After winter break, the girls at the very prestigious Longbourn Academy become obsessed with the prom. Lizzie Bennet, who attends Longbourn on a scholarship, isn’t interested in designer dresses and expensive shoes, but her best friend, Jane, might be — especially now that Charles Bingley is back from a semester in London.
Lizzie is happy about her friend’s burgeoning romance but less than impressed by Charles’s friend, Will Darcy, who’s snobby and pretentious. Darcy doesn’t seem to like Lizzie either, but she assumes it’s because her family doesn’t have money. Clearly, Will Darcy is a pompous jerk — so why does Lizzie find herself drawn to him anyway?
Will Lizzie’s pride and Will’s prejudice keep them apart? Or are they a prom couple in the making? Whatever the result, Elizabeth Eulberg, author of The Lonely Hearts Club, has concocted a very funny, completely stylish delight for any season — prom or otherwise.
Pride and Prejudice, one of Jane Austen’s most famous novels, is about several characters’ (most of whom are in there twenties) and their adventures in love and marriage. You’d think a novel that focuses so heavily on marriage might be tricky to retell as a young adult novel, right? Yet Elizabeth Eulberg’s sophomore novel Prom and Prejudice is one of the cutest, most enjoyable reads I’d picked up in a while.
Instead of being a twenty something living with her family until a desirable marriage comes her way, Lizzie Bennet is a high school student at the prestigious Longbourn Academy boarding school. The way that Eulberg set up the world and characters made a lot of sense. Darcy and Bingley attended Pemberley academy, while Jane was Lizzie’s roommate, Lydia was Jane’s sister and Mary was a friend of the girls. It was a nice way to keep a lot of the characters incorporated in the novel while keeping things realistic.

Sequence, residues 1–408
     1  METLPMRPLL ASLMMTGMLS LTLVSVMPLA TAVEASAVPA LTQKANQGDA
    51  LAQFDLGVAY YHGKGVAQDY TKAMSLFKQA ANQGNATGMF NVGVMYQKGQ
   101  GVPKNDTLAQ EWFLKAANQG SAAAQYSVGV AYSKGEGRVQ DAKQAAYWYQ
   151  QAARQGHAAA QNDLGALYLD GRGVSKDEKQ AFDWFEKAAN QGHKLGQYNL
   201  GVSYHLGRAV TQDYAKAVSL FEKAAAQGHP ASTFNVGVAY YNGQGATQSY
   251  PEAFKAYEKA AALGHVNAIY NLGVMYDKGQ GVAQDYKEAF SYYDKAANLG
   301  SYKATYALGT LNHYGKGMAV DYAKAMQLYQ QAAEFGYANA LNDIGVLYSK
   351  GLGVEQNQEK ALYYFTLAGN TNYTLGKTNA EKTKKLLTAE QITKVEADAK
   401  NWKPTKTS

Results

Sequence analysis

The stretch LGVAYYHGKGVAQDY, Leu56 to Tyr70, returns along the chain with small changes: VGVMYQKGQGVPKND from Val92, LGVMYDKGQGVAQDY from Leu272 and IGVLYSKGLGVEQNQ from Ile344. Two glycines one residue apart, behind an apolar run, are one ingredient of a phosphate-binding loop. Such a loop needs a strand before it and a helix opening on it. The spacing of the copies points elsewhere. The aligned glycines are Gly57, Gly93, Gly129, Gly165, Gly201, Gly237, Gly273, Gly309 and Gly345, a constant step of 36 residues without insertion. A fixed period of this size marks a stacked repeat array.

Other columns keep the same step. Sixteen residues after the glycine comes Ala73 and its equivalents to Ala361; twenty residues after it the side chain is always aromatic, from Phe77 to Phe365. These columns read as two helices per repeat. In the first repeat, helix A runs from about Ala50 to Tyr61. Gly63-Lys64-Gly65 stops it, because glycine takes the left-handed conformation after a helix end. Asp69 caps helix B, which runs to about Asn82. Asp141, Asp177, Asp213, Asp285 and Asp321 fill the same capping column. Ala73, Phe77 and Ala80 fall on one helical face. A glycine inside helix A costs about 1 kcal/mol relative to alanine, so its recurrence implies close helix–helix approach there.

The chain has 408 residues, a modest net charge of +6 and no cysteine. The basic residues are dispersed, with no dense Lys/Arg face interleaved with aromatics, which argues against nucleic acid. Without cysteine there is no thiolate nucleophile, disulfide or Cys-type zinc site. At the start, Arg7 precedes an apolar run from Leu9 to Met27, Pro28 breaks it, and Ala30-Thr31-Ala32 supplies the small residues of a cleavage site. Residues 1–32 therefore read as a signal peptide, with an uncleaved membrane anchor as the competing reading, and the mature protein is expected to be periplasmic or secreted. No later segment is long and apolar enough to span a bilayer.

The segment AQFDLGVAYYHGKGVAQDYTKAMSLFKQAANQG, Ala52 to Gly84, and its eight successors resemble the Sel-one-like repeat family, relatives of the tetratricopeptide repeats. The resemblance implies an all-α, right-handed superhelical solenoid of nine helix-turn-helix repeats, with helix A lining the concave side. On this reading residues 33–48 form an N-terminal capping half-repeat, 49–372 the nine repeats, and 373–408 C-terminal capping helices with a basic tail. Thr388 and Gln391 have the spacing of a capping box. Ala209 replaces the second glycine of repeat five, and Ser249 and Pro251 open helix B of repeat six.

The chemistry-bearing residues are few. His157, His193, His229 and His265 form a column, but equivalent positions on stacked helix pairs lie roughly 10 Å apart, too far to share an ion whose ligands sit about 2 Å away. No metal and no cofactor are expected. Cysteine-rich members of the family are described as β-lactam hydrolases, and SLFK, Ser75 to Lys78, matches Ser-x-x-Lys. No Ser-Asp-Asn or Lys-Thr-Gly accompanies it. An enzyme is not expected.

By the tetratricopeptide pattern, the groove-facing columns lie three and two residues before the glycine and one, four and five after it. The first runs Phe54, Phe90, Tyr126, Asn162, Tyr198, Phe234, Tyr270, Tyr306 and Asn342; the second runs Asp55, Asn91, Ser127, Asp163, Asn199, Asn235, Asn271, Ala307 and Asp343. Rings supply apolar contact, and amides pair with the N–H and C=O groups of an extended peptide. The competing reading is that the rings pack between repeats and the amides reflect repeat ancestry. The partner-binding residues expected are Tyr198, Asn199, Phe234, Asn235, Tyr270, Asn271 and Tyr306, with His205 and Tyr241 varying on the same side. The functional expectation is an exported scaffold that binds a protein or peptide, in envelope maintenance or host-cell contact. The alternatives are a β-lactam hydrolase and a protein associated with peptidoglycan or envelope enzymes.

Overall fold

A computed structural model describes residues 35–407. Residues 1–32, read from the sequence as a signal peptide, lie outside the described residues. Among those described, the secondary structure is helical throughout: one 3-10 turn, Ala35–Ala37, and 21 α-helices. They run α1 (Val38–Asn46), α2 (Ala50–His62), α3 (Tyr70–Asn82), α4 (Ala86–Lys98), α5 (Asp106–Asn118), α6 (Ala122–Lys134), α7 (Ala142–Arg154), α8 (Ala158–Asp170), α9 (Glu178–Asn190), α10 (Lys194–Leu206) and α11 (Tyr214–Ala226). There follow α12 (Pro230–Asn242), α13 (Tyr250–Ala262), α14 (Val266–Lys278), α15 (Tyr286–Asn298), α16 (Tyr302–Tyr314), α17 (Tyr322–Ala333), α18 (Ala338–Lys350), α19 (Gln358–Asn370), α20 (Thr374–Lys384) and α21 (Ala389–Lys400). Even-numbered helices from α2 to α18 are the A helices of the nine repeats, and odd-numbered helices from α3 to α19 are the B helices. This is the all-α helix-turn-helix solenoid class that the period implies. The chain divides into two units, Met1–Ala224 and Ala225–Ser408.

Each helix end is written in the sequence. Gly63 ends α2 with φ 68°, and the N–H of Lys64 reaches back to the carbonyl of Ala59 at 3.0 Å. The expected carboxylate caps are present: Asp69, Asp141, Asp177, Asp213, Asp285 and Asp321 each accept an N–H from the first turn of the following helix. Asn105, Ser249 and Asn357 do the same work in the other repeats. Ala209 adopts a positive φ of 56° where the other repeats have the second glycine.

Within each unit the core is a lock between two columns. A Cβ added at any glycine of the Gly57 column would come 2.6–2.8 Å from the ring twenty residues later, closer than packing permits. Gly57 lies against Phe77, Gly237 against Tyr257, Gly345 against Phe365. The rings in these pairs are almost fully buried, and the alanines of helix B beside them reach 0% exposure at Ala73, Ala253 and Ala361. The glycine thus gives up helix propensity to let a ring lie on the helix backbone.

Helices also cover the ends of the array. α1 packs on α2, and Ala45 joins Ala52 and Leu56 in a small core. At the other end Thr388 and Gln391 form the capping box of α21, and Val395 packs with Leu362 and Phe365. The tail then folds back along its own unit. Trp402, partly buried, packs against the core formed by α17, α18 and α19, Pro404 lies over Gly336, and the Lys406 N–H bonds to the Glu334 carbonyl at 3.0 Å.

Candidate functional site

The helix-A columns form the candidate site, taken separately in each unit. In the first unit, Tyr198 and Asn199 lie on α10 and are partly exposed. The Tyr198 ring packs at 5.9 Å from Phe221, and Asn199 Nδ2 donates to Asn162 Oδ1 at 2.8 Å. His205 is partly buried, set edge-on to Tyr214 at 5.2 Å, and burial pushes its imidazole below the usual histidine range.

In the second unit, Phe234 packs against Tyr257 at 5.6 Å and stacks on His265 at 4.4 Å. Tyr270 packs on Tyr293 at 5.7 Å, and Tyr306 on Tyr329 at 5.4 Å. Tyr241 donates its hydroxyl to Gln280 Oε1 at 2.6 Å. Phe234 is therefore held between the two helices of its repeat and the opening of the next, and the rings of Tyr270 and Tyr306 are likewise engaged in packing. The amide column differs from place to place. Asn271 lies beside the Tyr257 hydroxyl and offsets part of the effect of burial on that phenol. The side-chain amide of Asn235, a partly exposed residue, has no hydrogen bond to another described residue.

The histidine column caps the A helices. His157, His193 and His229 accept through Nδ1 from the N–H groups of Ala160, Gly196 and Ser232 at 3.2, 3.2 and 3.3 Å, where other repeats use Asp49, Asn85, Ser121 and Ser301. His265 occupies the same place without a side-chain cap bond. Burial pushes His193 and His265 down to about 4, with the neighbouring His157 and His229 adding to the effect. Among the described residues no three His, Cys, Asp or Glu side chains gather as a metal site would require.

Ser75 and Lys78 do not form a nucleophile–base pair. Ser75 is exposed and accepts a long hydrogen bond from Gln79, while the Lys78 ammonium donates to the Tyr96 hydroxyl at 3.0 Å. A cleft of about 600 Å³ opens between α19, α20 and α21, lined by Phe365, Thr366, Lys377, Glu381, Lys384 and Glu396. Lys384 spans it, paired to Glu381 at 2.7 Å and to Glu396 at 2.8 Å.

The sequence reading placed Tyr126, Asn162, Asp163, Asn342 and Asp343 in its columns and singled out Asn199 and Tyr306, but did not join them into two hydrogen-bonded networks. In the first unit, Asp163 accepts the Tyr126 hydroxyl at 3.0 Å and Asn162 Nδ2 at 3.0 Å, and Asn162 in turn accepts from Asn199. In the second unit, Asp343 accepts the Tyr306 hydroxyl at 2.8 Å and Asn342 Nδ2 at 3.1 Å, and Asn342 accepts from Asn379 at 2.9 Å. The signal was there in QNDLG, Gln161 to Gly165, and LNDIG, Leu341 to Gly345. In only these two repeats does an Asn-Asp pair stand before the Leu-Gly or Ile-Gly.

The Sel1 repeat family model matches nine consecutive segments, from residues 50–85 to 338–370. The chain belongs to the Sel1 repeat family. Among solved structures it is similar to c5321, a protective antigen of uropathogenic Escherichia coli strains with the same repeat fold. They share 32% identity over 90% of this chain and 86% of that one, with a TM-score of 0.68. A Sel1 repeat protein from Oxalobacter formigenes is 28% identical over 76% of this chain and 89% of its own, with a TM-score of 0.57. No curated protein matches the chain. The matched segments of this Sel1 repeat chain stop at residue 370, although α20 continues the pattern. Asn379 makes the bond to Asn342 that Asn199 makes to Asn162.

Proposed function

Eulberg’s prose is reminiscent of Austen’s style, yet the dialogue and setting keeps this story modern. Lizzie was a thoroughly enjoyable character to read about. She‘s very down to earth, unlike her rich classmates, and has a deep passion for music. I really enjoyed all of the sections that focused on music and how Lizzie felt about it. Even though Lizzie’s character is great, this story is incredibly fast-paced, sometimes too much so. While I felt as though I knew Lizzie, I wanted to get to know the other characters better, such as Darcy. I felt as though there was a lot of dialogue without enough characterization placed in between.
Prom and Prejudice is not a perfectly crafted novel, but it totally satisfied my craving for an Austen-esque adaptation. I had so much fun reading this book, and didn’t want to put it down. After my fantastic experience with this novel, I can’t wait to read my copy of The Lonely Hearts Club and will be eagerly awaiting all of Eulberg’s future novels.
Disclosure: I purchased a copy of this book.